Many of you know this, but some of you don’t. Apart from being a photographer, I am also a writer! Well, I prefer to call myself an artist, as I think we all are on some level, but photography and writing are my two preferred artistic outlets. This year I’ve finished my first book, a travel memoir about my journey across the United States to Spain. It’s due to be published in Winter 2020, but before that can happen I need a little help! I’ve created a Kickstarter to give people the opportunity to support me in this venture, which you can visit using this link.
In my early twenties, I had a well-paying job, two University degrees, an apartment, a car and an explosive social life, but none of that was enough to satisfy my restless and rebellious spirit, which I set free one summer’s day by getting into the car with my best childhood friend after selling all of my possessions to begin a road trip with no end date across the country, on an adventure that would lead me to Europe and to a new world of possibilities.
The book begins with Miette, my best friend since kindergarten, and I careening down the freeway out of Bellingham, the town where we grew up, and into the vast unknown, leaving in the dust the ennui of our day to day lives. We begin the adventure with no idea of what we’ll find on the road, much less where we’ll sleep that very night. We face constant come-ons from strange men, dabblings with drugs and a rollercoaster of car troubles in California. An unexpected one-night-stand in Las Vegas leads to reflections on the identity of the modern feminist. We sleep in our beat up ’96 Toyota Tercel on the edge of the Grand Canyon and witness an impossible sunrise. We pass through New Mexico and Texas and have an unexplainable encounter with the Devil in New Orleans. When we finally arrive to the Northeast after a month of diving deep into the American culture we had never previously experienced and deep into ourselves, I leave my partner in crime to get on a plane and fly to another continent, where my adventure continues and my concept of what it means to be a successful young woman finally takes shape, and I thus accept that my true path in life is entirely different from the one I had been living.
Review of FTSQ by Howard Furst
“Well written, fun, compelling and thought provoking in certain ways. It has a bit of: Eat, Pray, Love; Wild; Jack Kerouac’s On the Road; Bridgett Jones’ Diary; David Sedaris; Bill Bryson and Sex in the City balled into her own edgy and articulate voice”
Review of FTSQ by Sheri Rego
“First, I love every instance where you describe a friend. Your descriptions are so heart-felt and filled with respect and admiration, and still so believable. Even better, the narrative throughout the story always highlights exactly how you had just described them. Excellent!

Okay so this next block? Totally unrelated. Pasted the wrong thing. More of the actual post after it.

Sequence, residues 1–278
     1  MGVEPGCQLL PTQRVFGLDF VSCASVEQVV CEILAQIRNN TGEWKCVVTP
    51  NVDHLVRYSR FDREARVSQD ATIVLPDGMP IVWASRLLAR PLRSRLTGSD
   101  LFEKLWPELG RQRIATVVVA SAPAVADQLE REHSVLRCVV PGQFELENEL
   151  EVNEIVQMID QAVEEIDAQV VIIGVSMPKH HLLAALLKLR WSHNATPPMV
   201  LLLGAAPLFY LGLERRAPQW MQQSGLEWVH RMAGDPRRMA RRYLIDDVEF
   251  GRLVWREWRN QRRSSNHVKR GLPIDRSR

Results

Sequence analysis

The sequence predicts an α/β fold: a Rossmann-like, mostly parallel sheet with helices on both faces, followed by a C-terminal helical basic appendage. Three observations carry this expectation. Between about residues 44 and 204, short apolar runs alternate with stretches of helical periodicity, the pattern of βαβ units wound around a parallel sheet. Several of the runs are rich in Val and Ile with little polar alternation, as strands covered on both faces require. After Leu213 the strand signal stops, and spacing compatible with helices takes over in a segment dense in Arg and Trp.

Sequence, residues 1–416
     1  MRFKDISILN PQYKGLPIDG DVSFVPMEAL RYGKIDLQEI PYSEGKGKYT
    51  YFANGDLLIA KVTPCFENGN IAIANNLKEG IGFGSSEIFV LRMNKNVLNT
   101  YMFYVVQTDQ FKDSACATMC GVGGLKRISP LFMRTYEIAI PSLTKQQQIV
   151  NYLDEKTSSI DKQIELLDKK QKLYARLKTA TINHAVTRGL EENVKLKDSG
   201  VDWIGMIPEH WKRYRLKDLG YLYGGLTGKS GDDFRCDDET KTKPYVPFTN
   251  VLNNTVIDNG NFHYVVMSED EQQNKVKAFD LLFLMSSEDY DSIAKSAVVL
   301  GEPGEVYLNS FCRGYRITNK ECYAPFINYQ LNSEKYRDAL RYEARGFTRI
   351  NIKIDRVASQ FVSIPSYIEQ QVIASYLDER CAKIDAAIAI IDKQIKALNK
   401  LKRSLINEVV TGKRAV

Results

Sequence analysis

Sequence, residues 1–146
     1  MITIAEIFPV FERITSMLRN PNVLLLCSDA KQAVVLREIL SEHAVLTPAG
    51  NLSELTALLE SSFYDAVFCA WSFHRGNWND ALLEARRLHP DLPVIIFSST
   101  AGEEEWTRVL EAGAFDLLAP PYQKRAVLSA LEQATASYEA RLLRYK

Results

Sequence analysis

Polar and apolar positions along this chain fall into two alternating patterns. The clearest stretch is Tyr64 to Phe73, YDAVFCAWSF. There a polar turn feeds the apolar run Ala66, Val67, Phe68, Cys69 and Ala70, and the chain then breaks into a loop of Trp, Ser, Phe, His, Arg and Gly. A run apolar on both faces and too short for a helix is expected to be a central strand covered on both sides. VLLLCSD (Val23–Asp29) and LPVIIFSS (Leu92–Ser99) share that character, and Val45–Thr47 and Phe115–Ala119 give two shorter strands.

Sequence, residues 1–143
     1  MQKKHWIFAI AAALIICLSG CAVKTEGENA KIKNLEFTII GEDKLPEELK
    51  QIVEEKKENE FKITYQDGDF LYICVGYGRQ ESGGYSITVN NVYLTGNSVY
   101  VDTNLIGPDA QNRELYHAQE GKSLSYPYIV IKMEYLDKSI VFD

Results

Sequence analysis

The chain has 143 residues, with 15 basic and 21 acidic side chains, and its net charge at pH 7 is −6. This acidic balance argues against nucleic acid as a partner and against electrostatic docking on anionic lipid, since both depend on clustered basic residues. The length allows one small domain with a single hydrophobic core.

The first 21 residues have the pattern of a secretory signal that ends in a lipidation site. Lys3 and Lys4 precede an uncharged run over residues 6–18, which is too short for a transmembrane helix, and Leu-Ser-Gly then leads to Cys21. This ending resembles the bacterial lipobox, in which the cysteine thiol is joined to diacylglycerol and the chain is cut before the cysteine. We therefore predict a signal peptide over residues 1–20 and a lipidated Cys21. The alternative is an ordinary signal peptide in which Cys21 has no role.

Your story, without stressing or even stating it, does a great job of pointing out the sexism in our society and the slights, discomfort and dangers that women face on a daily basis. It was no surprise, but still saddening and maddening, that everywhere you went you were hit on by men. Two young men on the same road trip that you took would not have to maintain a sense of wariness every hour of the day. You never said it, but you showed it so well. I applaud you!
I really liked how you and Miette could sound so strong, intelligent and independent and then be sidetracked by talk (or thoughts of) unicorns and werewolves. The part where Miette thought a werewolf had pounded on the car was hilarious. And showed an innocence and vulnerability that made the two of you seem even more real. Another great passage!
In general, I thought you did an excellent job of building a story. Two minor examples: the descriptions of wind in your hair and the sunset over the Grand Canyon were beautiful without being trite or cliched. All in all, I thoroughly enjoyed your writing style: the pacing of the story, the humor, the emotion, the dialogue . . it was all EXCELLENT!”
We were nearing Seattle after almost two hours on the road. Arriving to Georgetown—a grungy, alternative district in South Seattle—we were a few minutes early for the appointment I had made for us at my favorite tattoo studio, so we pulled into the bar next door, The Georgetown Liquor Company. After two shots of tequila with a spicy tomato back, our commemorative tattoos went on like a breeze and we were ready to leave Washington State behind us.
“Kate, you’ve been with me for my first tattoo and my first piercing. You help me be the person I really am but am too afraid to be by myself,” Miette reflected as we left the shop.
I laughed but also wondered if I’m the bad influence friend, neither for the first time nor the last. The black lines of the arrow she had put on her inner left bicep were raised and inflamed. I had put a similar, but not identical one just under my left collarbone.
An arrow can only be shot by pulling it backward, so when life is dragging you back with difficulties, it means that it’s going to launch you into something great. So just focus and keep aiming.
I remember as we drove south the image of our empty plastic Starbucks cups resting on the dashboard, the hot air sticking to my skin, and the savage excitement filling the car. We had changed into our bikini tops in a gas station bathroom. I had my legs thrown up against the car door and we made accidental eye contact with the wide-eyed men in the pickup trucks next to us after noticing that they were matching our speed. What was going to happen? What would we find during the next month? Would we find ourselves? Each other? I watched the evergreen trees fly past as we plunged into the unknown, trying to decide if what I felt was nervous excitement—or sheer terror.